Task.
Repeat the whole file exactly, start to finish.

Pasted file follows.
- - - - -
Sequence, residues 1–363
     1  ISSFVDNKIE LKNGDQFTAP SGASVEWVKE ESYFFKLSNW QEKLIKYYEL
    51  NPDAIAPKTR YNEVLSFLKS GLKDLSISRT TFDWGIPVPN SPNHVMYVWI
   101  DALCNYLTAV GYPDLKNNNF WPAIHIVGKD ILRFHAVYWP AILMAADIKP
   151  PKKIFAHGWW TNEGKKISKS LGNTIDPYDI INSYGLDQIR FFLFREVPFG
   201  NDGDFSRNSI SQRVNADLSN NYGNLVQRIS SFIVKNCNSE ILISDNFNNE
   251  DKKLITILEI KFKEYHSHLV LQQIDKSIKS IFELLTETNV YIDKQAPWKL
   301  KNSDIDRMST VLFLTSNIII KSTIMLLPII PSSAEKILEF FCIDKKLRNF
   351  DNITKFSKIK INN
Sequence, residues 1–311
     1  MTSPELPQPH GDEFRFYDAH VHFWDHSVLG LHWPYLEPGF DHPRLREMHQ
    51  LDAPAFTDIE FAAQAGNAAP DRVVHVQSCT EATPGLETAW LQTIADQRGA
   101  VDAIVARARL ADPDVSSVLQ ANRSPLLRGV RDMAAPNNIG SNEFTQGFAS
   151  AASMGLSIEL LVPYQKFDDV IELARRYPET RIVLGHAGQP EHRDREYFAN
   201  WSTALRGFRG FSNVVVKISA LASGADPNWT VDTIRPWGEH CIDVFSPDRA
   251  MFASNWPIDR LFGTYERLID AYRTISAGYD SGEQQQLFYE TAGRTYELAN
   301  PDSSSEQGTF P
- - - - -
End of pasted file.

Sequence, residues 1–363
     1  ISSFVDNKIE LKNGDQFTAP SGASVEWVKE ESYFFKLSNW QEKLIKYYEL
    51  NPDAIAPKTR YNEVLSFLKS GLKDLSISRT TFDWGIPVPN SPNHVMYVWI
   101  DALCNYLTAV GYPDLKNNNF WPAIHIVGKD ILRFHAVYWP AILMAADIKP
   151  PKKIFAHGWW TNEGKKISKS LGNTIDPYDI INSYGLDQIR FFLFREVPFG
   201  NDGDFSRNSI SQRVNADLSN NYGNLVQRIS SFIVKNCNSE ILISDNFNNE
   251  DKKLITILEI KFKEYHSHLV LQQIDKSIKS IFELLTETNV YIDKQAPWKL
   301  KNSDIDRMST VLFLTSNIII KSTIMLLPII PSSAEKILEF FCIDKKLRNF
   351  DNITKFSKIK INN
Sequence, residues 1–311
     1  MTSPELPQPH GDEFRFYDAH VHFWDHSVLG LHWPYLEPGF DHPRLREMHQ
    51  LDAPAFTDIE FAAQAGNAAP DRVVHVQSCT EATPGLETAW LQTIADQRGA
   101  VDAIVARARL ADPDVSSVLQ ANRSPLLRGV RDMAAPNNIG SNEFTQGFAS
   151  AASMGLSIEL LVPYQKFDDV IELARRYPET RIVLGHAGQP EHRDREYFAN
   201  WSTALRGFRG FSNVVVKISA LASGADPNWT VDTIRPWGEH CIDVFSPDRA
   251  MFASNWPIDR LFGTYERLID AYRTISAGYD SGEQQQLFYE TAGRTYELAN
   301  PDSSSEQGTF P